The goal of breastfeeding is for your baby to gain weight and enjoy feeding. A few babies with a cleft lip and palate can get all of their food by nursing. Most can nurse a bit, but also need supplemental (extra) feeding.
- Babies with just a cleft of the lip are better at nursing.
- Your baby’s success depends on the type of cleft and your milk supply.
- It is often not clear if a baby with a cleft palate can nurse well at the breast until your milk has "come in." We advise putting your baby to breast several times and follow-up with supplements of pumped milk (or formula if needed). This helps to ensure that your baby gets enough food in the beginning.
Even if your baby is not nursing at the breast, breast milk is still the best feeding choice for babies with clefts. Breast milk:
- Helps your baby prepare for and recover from cleft lip and palate surgery and provides protection against infection
- Is easily digested and contains growth hormone
- Breastfeeding or just spending "skin-to-skin" time with your baby helps with other things as well—mother and baby both benefit from the comfort and time getting to know each other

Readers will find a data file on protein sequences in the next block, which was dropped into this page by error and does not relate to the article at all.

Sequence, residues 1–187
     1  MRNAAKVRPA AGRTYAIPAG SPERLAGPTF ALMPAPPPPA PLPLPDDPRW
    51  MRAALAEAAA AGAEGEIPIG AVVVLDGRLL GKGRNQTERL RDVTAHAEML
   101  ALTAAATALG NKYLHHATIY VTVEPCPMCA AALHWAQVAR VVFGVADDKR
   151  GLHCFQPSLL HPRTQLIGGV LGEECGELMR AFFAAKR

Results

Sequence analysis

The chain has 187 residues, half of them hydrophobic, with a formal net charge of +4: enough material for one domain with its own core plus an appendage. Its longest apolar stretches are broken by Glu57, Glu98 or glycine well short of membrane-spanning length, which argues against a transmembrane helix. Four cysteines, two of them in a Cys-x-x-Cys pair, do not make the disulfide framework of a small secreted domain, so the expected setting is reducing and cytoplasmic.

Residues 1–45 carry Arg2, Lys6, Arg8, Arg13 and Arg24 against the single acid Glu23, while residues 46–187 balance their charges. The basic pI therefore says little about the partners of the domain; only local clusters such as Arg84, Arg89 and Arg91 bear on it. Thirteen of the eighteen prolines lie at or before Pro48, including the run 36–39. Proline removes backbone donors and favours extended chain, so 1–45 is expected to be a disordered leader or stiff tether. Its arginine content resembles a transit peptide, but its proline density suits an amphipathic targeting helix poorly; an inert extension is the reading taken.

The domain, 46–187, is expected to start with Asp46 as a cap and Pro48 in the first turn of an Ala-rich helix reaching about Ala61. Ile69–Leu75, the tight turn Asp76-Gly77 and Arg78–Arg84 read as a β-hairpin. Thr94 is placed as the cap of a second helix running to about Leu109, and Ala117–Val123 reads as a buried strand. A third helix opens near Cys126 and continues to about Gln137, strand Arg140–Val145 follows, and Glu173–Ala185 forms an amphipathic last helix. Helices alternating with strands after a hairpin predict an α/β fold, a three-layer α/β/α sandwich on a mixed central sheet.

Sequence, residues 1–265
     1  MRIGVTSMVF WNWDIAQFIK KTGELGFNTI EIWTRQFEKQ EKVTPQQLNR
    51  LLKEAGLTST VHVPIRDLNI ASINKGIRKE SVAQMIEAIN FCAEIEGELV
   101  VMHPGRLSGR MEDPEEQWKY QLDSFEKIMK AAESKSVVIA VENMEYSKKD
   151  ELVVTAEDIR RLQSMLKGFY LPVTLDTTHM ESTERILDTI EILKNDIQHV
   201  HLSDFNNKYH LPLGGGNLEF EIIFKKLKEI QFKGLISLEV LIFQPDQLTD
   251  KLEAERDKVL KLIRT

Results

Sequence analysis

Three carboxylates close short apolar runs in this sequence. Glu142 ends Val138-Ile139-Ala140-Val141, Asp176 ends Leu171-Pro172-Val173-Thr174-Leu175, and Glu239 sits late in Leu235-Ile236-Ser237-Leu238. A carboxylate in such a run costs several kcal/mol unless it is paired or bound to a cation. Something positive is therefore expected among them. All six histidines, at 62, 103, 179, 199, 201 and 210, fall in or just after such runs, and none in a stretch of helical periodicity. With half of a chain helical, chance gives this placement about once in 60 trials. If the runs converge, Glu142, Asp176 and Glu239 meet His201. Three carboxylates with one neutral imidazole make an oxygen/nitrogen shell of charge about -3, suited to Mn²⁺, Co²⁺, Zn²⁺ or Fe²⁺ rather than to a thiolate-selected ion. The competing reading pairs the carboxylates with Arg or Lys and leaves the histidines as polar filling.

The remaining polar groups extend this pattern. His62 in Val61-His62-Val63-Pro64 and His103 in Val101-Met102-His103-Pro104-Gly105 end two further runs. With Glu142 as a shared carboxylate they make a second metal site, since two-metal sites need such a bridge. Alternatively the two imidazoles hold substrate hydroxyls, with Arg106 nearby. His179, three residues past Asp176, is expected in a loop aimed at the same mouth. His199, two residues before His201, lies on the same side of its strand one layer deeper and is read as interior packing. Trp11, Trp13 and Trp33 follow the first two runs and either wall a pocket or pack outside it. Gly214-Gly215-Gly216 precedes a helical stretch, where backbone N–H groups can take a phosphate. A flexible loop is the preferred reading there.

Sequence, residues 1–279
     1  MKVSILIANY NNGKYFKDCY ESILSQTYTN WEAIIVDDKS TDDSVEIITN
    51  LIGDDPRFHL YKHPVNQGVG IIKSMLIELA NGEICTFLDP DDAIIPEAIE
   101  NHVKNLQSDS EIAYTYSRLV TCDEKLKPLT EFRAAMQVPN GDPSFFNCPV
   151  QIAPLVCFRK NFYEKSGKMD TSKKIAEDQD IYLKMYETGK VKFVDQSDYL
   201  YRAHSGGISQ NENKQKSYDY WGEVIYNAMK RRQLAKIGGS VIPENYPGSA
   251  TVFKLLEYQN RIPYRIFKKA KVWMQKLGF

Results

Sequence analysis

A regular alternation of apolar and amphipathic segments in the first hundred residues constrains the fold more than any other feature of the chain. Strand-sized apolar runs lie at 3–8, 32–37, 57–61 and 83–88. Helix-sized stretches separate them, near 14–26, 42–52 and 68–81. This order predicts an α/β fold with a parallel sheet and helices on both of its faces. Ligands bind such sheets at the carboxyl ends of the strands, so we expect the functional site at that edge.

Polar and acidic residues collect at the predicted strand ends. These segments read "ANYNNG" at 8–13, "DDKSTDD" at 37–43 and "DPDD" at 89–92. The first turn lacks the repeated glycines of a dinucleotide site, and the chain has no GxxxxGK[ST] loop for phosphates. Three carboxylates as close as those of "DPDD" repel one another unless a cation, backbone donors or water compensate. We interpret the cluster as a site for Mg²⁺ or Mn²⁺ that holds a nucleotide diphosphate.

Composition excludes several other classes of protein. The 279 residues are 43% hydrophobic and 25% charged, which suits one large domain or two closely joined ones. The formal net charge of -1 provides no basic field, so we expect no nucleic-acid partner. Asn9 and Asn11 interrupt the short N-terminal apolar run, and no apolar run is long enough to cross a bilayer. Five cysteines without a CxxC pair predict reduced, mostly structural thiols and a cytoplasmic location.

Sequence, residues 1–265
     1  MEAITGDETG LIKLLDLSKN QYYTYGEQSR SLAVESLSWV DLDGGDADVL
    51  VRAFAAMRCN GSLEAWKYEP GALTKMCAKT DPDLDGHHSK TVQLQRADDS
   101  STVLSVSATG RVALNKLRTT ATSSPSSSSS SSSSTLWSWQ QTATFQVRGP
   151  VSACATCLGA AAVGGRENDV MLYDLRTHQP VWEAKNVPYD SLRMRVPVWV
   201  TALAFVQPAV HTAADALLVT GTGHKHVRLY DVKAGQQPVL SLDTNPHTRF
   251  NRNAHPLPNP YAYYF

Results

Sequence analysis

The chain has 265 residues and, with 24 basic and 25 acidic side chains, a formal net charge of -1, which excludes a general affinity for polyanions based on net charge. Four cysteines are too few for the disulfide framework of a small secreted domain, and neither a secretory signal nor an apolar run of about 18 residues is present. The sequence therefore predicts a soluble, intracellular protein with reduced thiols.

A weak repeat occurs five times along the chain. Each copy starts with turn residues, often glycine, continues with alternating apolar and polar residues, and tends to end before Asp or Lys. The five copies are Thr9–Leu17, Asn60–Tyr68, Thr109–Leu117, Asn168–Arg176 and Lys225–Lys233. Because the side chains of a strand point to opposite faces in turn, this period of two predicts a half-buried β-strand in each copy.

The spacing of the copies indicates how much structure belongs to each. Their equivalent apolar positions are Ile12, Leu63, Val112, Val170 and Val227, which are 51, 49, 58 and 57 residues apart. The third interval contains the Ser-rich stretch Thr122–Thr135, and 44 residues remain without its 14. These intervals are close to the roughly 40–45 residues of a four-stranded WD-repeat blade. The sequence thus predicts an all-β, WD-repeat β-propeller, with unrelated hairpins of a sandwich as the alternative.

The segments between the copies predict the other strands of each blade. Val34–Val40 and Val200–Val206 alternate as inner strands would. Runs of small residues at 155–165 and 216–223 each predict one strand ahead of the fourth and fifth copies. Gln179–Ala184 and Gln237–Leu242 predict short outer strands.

If you pump for several feedings or more a day, it is best to use a double electric breast pump. Contact a local pump rental company or lactation consultant for more information.
- Your lactation consultant can help you set a pumping schedule that matches your baby's needs. She can also teach you about milk storage and give you other support when you need it.
- Accept help from family and friends to free your time to pump and rest.
- Spend more "skin-to-skin" time with your baby to improve your let-down before pumping.
Pumping is not as pleasant as breastfeeding; accept this and continue so long as you feel it is of value to you and your family. Your baby will benefit from mother's milk so long as you are able to provide it. Some families prefer to freeze some milk to use before cleft lip and palate surgery since hospitals often allow breast milk as a "clear liquid." Clear liquids can be given closer to the time of cleft lip and palate surgery than formula.
*Skin-to-skin time tip: practice feeding at the breast without expecting feeding.